Book Excerpt: Creative 52: Weekly Projects To Invigorate Your Photography Portfolio
A powerful portfolio involves so much more than just a strong grasp of the technical aspects of photography—it’s a complex mix of style, techniques, and intriguing ideas. Many photographers struggle to achieve a high-impact portfolio, feeling that they lack the creative spark to invigorate them and move their work forward.
Lindsay Adler’s latest book, Creative 52 is that spark—and your guide to a new and more creative portfolio in just one year! A remedy for that “average” portfolio, this collection of innovative projects will help portrait, wedding, and fashion photographers build a portfolio that draws the attention of editors and clients—leaving the competition behind. This book blends both: inspiration and knowledge that you can use to create images that attract potential clients.
Each project is divided into three parts—concept, technique, and post-processing—author Lindsay Adler’s 52 challenges each contain a description of the project, potential inspiration and suggestions of other artists to check out, and her own unique solution to the challenge—all to push you beyond your comfort zone to explore new ideas and approaches to your work.—Liner notes supplied by publisher.
We have featured Ms. Adler’s work in Shutterbug and our How-To Guide in the past and were excited to see this new project from her. You can view more of her work by typing Lindsay Adler into the Search box at www.shutterbug.com and at www.lindsayadlerphotography.com.
Project 22: Abstract A Portrait
Canon 5D Mark II; Sigma 24-70mm 2.8 lens at 39mm; ISO 1250, 1/320 sec at f/6.3
Simplify your portrait to focus on one of the fundamental elements of art: line, shape, form, value, space, color, or texture. Instead of trying to create an image that tells a story, shows what someone looks like, or evokes an emotion, focus on the essential elements of art to create a more abstract image.
Don’t be afraid to go outside your comfort zone. You don’t even need to show a person’s identity—feel free to create an image that is so abstract that the viewer can barely identify the subject. Simplistic or abstract images can make for unusually engaging imagery. Choose one element of art, and build an image that emphasizes it.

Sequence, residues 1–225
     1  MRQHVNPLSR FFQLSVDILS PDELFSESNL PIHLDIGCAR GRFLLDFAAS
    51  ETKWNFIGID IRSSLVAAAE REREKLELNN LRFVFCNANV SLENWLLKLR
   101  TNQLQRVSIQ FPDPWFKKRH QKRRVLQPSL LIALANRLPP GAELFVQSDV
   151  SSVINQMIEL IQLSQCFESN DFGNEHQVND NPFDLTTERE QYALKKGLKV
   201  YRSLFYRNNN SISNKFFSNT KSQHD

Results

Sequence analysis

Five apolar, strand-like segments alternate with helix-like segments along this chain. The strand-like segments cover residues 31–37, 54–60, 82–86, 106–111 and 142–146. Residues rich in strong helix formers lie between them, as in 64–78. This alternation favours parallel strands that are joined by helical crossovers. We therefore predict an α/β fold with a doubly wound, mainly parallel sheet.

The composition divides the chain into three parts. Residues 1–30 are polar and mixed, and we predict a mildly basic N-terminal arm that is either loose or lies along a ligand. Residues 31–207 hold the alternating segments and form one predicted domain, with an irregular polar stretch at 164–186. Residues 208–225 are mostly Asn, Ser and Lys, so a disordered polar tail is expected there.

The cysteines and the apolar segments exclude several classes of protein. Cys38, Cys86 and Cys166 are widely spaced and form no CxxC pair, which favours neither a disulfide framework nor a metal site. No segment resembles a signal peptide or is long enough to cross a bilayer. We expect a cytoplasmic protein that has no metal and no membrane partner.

I first began abstracting images when I started photographing fine-art nudes. I found it liberating not to have to focus on someone’s face, tell a story, or be literal. Instead, I could photograph the human form by recording slivers of light on the skin that made for fascinating lines and curves. In many of my images, the viewer can barely discern that they are looking at a nude because I have simplified and abstracted the image.
Karel Vojkovský photographs nudes in a captivating manner by focusing on shape and form. Photographing them primarily as silhouettes, he often has multiple models pose together to make surreal graphic shapes. He focuses on the juxtaposition of smooth skin and lines against more jagged or rough surfaces such as a saw blade or scythe. Bodies become abstract shapes.
Nicholas Alan Cope explores light and form in his mysterious project “Vedas.” Based on the concept that shadow and light represent knowledge, his images included shrouded figures whose forms make graphic shapes or stunning textures. The images are abstract, and you can never see the subjects’ identities, which only makes the photos more intriguing. I fell in love with their quiet simplicity.
Portrait and wedding photographer Sara K. Byrne uses in-camera double exposures to create unusual portraits focusing on color, texture, and shape. Her images often feature profiles of brides, with the silhouettes filled with natural textures like flowers.
One day while I was teaching a workshop, a friend brought me a present he had made. He had crafted a prism of mirrors, creating a “camera kaleidoscope” of sorts. He had taken three mirrors (about 5 inches by 12 inches) and taped them together to make a pyramid. When he handed me his homemade creative camera accessory, he challenged me to make something unique, abstract, and beautiful.
For months, the prism sat in my apartment, and I kept waiting for the right opportunity. I finally planned a shoot on the roof of my studio so that the prism would capture the sky, the skyscrapers, and the unique features of the rooftop. I would abstract the image by photographing the model and the reflections created in the mirrors, using the texture and shapes of the surroundings for additional interest.
I found that every camera movement affected the image I saw through the lens. My lens choice, where I placed the camera within the prism, and which direction I angled the lens within the prism all changed the results. The editorial was exciting because although I had planned the outfits, hair, makeup, and model, each image was entirely unexpected and abstract.
In Photoshop, I changed the image to black and white to help focus on a key element of this photograph: shape—specifically, the triangular reflections throughout the image. Color, I felt, would detract from the central goal and add visual noise to this abstract photograph.